How to Build Low-Power Sensor Interfaces for the Internet of Things

Power consumption is a vital element in the design of the Internet of Things. Being able to place battery-powered wireless sensors in many different places across the home, factory floor, or office and connect them to the Internet requires very-low-power architecture. Sometimes the sensor technology can limit any reduction in power, but the interface to the rest of the node is essential.

Newer technologies such as micro-machined sensing elements can help reduce the power consumption, but matching the performance and power consumption of an ADC, or having it integrated alongside the sensor, helps reduce the losses. The choice of ADC – usually successive approximation of sigma delta – also helps to reduce the power consumption.

One such example is the Silicon Labs Si8900/1/2 series of isolated monitoring ADCs, which are useful as linear signal galvanic isolators, level shifters, and/or ground loop eliminators used in many applications including power-delivery systems and solar inverters. These devices integrate a 10-bit SAR ADC subsystem, supervisory state machine and isolated UART (in the Si8900), I²C/SMbus port (in the Si8901), or SPI Port (in the Si8902) in a single package.

Figure 1: The Si8900 uses a proprietary CMOS process to combine a galvanic isolator with a data converter for a low-power sensor node.

Silicon Labs has used a proprietary CMOS isolation technology for a choice of 2.5 or 5 kV isolation ratings and integration with the SAR ADC along with a typical common-mode transient immunity performance of 45 kV/µs for robust performance in noisy and high-voltage environments.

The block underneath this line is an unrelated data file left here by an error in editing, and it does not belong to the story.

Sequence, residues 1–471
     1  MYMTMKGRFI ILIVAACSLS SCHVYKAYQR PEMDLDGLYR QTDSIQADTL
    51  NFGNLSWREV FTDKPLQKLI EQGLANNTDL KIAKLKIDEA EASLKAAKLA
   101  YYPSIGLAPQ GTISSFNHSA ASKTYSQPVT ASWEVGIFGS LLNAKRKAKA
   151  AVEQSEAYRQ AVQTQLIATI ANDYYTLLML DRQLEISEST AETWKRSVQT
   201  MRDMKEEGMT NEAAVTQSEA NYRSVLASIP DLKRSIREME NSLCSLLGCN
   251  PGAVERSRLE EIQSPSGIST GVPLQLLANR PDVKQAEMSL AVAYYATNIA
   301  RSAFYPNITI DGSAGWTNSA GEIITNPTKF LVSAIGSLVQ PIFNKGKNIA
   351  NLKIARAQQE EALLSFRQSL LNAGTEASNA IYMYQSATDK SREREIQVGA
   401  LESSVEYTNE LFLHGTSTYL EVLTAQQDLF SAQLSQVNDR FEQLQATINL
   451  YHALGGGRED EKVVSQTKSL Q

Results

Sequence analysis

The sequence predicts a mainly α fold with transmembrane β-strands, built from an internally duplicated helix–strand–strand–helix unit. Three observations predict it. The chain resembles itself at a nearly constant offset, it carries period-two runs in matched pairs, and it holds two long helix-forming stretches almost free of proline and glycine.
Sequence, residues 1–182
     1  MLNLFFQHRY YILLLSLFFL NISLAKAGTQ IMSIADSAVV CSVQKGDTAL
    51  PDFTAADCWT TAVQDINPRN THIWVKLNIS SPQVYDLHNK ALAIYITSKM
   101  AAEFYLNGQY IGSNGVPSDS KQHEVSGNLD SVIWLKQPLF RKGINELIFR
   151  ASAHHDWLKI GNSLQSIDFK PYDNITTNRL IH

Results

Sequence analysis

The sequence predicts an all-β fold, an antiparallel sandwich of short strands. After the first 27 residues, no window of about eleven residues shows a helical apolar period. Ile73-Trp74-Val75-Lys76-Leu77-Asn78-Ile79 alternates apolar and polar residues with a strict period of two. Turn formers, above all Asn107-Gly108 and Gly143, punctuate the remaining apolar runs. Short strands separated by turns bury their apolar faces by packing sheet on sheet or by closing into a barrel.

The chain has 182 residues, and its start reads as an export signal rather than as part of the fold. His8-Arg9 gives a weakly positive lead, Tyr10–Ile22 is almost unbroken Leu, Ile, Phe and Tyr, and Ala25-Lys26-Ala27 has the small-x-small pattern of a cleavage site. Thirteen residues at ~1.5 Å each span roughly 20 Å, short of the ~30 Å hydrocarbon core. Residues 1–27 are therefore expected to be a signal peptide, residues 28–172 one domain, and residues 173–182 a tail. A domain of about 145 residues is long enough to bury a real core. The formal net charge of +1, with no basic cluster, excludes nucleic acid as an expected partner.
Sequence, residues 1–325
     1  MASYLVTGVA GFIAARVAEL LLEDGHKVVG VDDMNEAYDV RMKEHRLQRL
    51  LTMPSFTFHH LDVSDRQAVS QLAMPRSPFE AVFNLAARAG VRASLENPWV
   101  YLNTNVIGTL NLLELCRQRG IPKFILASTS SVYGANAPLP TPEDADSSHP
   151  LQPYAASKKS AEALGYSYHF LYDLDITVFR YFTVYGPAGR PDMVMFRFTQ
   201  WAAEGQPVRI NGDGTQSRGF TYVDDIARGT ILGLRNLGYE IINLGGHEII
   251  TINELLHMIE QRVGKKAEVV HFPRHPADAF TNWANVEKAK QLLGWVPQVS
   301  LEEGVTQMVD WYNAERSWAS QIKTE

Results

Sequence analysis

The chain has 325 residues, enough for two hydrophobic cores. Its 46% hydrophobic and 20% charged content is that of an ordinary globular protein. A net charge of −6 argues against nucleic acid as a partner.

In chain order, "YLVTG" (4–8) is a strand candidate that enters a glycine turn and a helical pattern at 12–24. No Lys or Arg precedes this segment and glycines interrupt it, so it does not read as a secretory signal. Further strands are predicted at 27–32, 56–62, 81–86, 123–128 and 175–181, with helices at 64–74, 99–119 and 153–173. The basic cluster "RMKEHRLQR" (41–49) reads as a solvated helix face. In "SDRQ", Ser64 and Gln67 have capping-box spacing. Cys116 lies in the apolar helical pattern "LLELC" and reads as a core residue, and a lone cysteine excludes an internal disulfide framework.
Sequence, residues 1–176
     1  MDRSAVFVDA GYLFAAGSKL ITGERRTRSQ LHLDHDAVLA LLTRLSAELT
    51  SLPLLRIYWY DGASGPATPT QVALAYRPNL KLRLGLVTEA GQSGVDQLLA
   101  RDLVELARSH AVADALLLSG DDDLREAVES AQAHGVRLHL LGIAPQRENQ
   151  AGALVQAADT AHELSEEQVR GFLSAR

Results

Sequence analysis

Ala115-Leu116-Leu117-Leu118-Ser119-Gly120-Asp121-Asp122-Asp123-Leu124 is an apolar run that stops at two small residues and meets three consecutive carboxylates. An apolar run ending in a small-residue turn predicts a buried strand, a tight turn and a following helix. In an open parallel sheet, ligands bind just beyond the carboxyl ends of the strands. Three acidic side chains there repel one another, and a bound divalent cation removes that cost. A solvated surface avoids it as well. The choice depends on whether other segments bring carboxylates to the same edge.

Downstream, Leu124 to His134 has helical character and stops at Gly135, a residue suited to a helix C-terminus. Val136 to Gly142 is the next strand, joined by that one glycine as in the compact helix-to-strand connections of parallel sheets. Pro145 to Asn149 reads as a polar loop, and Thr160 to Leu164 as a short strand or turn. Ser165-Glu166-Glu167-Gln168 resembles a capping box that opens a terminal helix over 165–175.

Increasingly, the ADC can be integrated into the sensor itself. The ADT7410 from Analog Devices is a high-accuracy digital temperature sensor in a narrow SOIC package that integrates the sigma delta converter to provide a digital output.

Figure 2: The ADT7410 integrates a sigma-delta converter with a temperature sensor to give configurable resolution with low power.

The sensor contains a band gap temperature reference and a 13-bit ADC to monitor and digitize the temperature to 0.0625°C resolution. The ADC resolution, by default, is set to 13 bits (0.0625°C). This can be changed to 16 bits (0.0078°C) by setting Bit 7 in the configuration register (Register Address 0x03).

The ADT7410 is guaranteed to operate over supply voltages from 2.7 V to 5.5 V. When operating at 3.3 V, the average supply current is typically 210 μA. The device has a shutdown mode that powers it down and offers a shutdown current of typically 2 μA to reduce the power consumption of the node.

Sometimes the design needs more flexibility with a discrete ADC, but this does not mean having to increase the power consumption.

The ADC081C021 from Texas Instruments is a low-power, monolithic, 8-bit, analog-to-digital converter (ADC) that supports 100 kHz, 400 kHz, and 3.4 MHz modes. It operates from a single +2.7 to 5.5 V supply that also serves as the reference. The converter is based on successive approximation register architecture with an internal track-and-hold circuit that can handle input frequencies up to 11 MHz. The I²C interface links easily to a microcontroller in all three-speed modes and the device has an automatic power-down mode while not converting to reduce the power.

Normal power consumption using a +3 V supply is 0.26 W, falling to under 1 µW while not converting. These devices are optimized for battery-powered portable applications with a small form-factor and are well suited to sensor nodes in the Internet of Things.

Figure 3: The ADC081C021 uses a successive approximation converter with an automatic power-down mode when not converting to reduce the power.